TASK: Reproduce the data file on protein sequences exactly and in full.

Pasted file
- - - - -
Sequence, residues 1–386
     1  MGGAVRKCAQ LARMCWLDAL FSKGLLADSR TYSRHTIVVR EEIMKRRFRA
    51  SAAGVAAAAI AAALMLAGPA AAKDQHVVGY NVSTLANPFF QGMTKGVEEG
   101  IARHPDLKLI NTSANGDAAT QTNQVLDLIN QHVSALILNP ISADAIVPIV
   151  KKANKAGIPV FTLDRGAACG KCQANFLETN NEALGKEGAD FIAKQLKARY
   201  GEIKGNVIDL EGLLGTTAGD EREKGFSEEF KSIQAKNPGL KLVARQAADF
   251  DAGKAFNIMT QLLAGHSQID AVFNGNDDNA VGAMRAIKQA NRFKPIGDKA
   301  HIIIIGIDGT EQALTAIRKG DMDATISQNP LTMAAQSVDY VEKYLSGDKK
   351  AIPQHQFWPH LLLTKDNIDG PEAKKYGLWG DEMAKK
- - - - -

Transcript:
Sequence, residues 1–386
     1  MGGAVRKCAQ LARMCWLDAL FSKGLLADSR TYSRHTIVVR EEIMKRRFRA
    51  SAAGVAAAAI AAALMLAGPA AAKDQHVVGY NVSTLANPFF QGMTKGVEEG
   101  IARHPDLKLI NTSANGDAAT QTNQVLDLIN QHVSALILNP ISADAIVPIV
   151  KKANKAGIPV FTLDRGAACG KCQANFLETN NEALGKEGAD FIAKQLKARY
   201  GEIKGNVIDL EGLLGTTAGD EREKGFSEEF KSIQAKNPGL KLVARQAADF
   251  DAGKAFNIMT QLLAGHSQID AVFNGNDDNA VGAMRAIKQA NRFKPIGDKA
   301  HIIIIGIDGT EQALTAIRKG DMDATISQNP LTMAAQSVDY VEKYLSGDKK
   351  AIPQHQFWPH LLLTKDNIDG PEAKKYGLWG DEMAKK